Published On: Wed, Sep 10th, 2014

Apple product launch raises big unanswered questions

AppleApple's fall product launch on Tuesday was a joyous celebration for the Silicon Valley-based consumer electronics maker. It ended a new-product drought by debuting a smartwatch, a mobile e-payment service and two bigger-screen iPhones.

Apple CEO Tim Cook was in great spirits as he led the company's media event in Cupertino, Calif. He raised his arms in triumph after a standing ovation and rapturous applause greeted his introduction of the company's Apple Watch. He was giddy as he previewed a funny iPhone 6 ad campaign featuring celebrity buddies Justin Timberlake and Jimmy Fallon. He ended the presentation by giving Apple's 500 million iTunes users the new album by Irish rock band U2.

It was Cook's moment to shine and show that the storied tech company could continue to innovate three years after the death of iconic co-founder and CEO Steve Jobs.

But the event left much unresolved.

What follows are some questions from Apple's biggest new product event in years.

1. Apple Watch looks great, but will consumers buy it?

Apple's smartwatch got an enthusiastic response from media and analysts at the launch event, but there are quite a few unknowns about the product, which is slated to hit the market in early 2015.

The smartwatch market is still unproven. Early smartwatches on the market from Samsung, Sony  and others haven't been huge sellers, with surveys showing that many consumers don't see the need for them. Younger consumers have abandoned wristwatches in favor of using their smartphones to keep track of time.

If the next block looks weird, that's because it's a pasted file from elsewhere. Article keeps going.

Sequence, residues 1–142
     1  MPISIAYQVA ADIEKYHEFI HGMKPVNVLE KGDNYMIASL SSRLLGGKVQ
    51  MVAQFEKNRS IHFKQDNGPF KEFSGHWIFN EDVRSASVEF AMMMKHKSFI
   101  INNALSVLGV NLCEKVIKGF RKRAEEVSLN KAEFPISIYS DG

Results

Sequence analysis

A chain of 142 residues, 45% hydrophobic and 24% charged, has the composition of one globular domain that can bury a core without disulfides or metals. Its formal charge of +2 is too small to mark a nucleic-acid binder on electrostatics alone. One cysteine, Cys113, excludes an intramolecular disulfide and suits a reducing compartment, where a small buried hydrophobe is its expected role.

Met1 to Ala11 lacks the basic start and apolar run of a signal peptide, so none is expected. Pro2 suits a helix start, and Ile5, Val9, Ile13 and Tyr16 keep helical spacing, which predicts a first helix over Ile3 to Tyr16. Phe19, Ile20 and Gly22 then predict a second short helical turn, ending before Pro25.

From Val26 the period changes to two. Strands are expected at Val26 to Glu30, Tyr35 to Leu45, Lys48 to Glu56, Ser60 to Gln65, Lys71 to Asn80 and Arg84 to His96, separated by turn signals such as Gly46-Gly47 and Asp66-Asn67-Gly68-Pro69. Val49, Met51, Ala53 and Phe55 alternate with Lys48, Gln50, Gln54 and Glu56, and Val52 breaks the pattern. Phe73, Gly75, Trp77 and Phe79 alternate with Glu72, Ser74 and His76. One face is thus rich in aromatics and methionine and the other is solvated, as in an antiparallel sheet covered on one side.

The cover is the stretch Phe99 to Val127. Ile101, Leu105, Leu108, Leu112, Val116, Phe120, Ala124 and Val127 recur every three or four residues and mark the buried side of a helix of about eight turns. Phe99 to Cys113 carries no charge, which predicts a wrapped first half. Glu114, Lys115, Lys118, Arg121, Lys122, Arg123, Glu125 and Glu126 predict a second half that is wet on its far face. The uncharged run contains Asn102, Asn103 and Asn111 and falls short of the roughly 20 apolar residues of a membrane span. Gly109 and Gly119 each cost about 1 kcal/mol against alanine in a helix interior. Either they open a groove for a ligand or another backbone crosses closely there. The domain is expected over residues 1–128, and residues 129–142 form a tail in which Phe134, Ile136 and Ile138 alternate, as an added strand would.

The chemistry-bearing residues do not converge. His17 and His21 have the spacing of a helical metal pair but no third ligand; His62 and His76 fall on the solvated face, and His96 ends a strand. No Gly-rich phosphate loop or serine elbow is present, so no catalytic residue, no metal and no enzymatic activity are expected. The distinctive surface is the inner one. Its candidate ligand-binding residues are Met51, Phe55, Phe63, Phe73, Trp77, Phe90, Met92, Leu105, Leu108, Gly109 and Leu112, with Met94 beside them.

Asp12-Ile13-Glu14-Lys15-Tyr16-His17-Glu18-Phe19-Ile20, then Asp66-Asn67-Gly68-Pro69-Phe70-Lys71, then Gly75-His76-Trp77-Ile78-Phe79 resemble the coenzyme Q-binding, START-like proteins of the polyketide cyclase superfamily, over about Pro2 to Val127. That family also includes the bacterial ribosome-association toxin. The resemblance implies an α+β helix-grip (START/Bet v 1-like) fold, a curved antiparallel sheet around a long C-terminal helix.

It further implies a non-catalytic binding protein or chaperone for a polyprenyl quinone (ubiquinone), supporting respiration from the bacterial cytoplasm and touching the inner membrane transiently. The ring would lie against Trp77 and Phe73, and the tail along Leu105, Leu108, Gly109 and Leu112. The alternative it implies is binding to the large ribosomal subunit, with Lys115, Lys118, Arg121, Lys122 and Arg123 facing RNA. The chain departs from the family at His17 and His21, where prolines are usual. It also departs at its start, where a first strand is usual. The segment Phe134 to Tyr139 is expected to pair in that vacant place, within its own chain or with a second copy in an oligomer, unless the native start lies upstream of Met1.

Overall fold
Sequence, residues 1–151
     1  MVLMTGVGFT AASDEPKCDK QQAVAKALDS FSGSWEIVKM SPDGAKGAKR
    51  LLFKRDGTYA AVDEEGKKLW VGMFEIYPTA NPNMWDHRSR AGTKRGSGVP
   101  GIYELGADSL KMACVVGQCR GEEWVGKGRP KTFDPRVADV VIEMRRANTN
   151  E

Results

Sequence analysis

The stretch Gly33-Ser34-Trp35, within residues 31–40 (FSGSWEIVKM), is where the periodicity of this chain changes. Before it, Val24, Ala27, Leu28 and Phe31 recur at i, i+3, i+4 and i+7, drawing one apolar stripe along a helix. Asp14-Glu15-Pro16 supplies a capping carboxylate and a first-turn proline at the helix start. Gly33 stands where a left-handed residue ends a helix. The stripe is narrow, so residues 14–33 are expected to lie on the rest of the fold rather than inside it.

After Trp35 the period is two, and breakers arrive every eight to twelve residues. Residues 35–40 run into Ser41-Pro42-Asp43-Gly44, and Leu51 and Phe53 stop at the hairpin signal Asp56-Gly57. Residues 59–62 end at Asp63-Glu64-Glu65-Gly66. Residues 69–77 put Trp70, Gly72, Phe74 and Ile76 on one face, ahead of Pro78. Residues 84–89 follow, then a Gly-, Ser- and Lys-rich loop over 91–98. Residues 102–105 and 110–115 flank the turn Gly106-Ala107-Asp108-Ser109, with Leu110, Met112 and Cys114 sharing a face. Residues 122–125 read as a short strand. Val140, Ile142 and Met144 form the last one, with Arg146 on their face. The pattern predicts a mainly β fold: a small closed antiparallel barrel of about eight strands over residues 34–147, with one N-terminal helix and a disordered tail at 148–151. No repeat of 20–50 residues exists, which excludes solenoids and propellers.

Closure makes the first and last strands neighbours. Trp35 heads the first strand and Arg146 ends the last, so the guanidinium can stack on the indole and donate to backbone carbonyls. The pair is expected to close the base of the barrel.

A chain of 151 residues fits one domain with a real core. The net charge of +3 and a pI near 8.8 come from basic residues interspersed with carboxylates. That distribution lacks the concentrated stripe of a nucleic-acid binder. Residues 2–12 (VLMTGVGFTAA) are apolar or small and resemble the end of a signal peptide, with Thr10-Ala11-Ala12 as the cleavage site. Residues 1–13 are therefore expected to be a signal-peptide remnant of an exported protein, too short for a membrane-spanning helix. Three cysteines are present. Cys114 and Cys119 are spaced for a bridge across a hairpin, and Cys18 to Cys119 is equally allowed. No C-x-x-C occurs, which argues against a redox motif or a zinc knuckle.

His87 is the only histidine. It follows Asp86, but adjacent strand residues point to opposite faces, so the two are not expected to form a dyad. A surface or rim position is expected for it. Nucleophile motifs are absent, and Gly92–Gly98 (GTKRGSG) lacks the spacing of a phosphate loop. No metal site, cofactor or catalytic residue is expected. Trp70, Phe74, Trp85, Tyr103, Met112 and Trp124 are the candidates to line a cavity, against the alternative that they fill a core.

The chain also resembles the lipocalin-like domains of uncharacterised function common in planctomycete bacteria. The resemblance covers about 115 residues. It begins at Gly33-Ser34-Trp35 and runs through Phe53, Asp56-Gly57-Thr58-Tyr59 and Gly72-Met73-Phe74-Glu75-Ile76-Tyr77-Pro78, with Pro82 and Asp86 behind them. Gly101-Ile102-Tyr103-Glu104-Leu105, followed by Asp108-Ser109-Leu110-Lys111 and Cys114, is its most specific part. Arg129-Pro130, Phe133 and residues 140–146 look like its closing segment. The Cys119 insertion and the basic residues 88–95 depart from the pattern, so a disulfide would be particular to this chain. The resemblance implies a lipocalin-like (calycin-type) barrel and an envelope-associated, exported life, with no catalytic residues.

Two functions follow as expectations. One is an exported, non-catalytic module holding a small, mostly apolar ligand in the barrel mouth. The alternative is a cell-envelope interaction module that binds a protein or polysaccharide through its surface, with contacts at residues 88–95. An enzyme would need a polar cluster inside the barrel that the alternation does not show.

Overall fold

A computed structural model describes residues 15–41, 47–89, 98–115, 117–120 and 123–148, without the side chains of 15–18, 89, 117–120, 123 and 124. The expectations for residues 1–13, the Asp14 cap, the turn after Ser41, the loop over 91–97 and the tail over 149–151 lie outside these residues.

Will people splurge to have a second screen for their smartphone? The Apple Watch requires an iPhone 5 series or 6 series phone to work.

The smartwatch is a wireless accessory that starts at $349 for a basic model. Apple is positioning the device as a fashion item and will sell three versions: standard, sports and luxury. It did not announce a price for its top-of-the-line, 18-karat gold model.

"The product demo focused on a 'Swiss Army knife' of functions, raising some questions around whether a killer app exists yet for the category," Morgan Stanley analyst Katy Huberty said in a note Wednesday. "Given limited near-term consumer feedback on demand and price acceptance with an early 2015 ship date, we expect initial press on Apple Watch to be mixed, much like iPad."

Wells Fargo Securities analyst Maynard Um said that the Apple Watch will be more akin to jewelry or a status symbol, and may not have as broad an appeal as the company's other products.

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